Two weeks ago, somewhat out of the blue, ECB President Mario Draghi issued an odd statement confirming that the European Central Bank needs to approve any operation in the foreign reserves of euro zone countries, including gold and large foreign currency holdings.
“The ECB shall approve both the operations in foreign reserve assets remaining with the NCBs (national central banks)…and Member States’ transactions with their foreign exchange working balances above a certain threshold,”
“The purpose of this competence is to ensure consistency with the exchange rate and monetary policy of the Union.”
Specifically, Draghi made this statement to two Italian members of the European Parliament.
At the time it did not seem notable for any reason other than its peculiar timing, but now things are starting to make more sense as The Wall Street Journal reports that Italy’s ruling populists pushed ahead this week with efforts to seize control of the central bank and its gold reserves.
Complaining that hundreds of thousands of small individual investors lost billions of dollars after several Italian banks failed in recent years, the anti-establishment ‘5 Star Movement’ and the nationalist ‘League’, depict the central bank as a symbol of a technocratic elite aloof from the needs of ordinary Italians.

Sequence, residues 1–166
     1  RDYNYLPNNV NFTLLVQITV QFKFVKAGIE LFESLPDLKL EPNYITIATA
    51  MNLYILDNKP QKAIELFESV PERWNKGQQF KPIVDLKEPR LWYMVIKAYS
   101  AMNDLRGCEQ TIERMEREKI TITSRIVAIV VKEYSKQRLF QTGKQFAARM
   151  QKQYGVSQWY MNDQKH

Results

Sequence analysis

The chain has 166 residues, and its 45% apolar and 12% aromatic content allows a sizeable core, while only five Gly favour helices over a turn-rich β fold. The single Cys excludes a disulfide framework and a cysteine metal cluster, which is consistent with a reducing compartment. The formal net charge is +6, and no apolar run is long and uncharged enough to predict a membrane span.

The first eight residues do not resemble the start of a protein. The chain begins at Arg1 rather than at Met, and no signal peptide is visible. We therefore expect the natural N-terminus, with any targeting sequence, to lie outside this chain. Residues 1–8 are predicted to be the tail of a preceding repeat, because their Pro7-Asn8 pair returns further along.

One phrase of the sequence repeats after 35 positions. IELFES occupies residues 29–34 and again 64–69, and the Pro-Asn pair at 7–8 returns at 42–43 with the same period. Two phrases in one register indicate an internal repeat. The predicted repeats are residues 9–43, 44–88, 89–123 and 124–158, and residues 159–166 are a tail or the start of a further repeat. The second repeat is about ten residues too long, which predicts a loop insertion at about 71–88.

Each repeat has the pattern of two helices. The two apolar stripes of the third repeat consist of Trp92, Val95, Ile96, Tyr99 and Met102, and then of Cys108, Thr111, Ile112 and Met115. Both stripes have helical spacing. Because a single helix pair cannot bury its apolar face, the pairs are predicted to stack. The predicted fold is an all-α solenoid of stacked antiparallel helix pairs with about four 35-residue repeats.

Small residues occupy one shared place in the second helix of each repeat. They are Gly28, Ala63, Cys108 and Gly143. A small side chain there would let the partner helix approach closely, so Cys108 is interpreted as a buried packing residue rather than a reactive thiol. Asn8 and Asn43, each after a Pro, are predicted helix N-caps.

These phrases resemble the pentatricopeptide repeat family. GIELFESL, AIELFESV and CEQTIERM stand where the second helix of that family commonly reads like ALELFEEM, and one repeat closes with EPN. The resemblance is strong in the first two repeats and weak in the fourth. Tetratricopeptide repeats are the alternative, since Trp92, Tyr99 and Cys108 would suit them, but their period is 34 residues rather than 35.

“We need a change of course at the Bank of Italy if we think about what happened in the last years,” said Deputy Prime Minister Luigi Di Maio, leader of the 5 Star Movement.
Five Star and the League have repeatedly attacked the Bank of Italy for not preventing the banking crises, and blamed it for the losses suffered by mom-and-pop savers who had bought bank shares and bonds.
“If you are here with your current account in the red, it’s because the people who were supposed to control things didn’t do so,” League’s leader, Interior Minister Matteo Salvini, told a group of former investors in Banca Popolare di Vicenza, which was liquidated in 2017.
And this week saw Italian lawmakers from 5 Star asking Parliament to pass two draft laws:
One law would instruct the central bank’s owners, most of them private banks, to sell their shares to the Italian Treasury at prices from the 1930s.
The other law would declare the Italian people to be the owners of the Bank of Italy’s reserve of 2451.8 metric tons of gold, worth around $102 billion at current prices.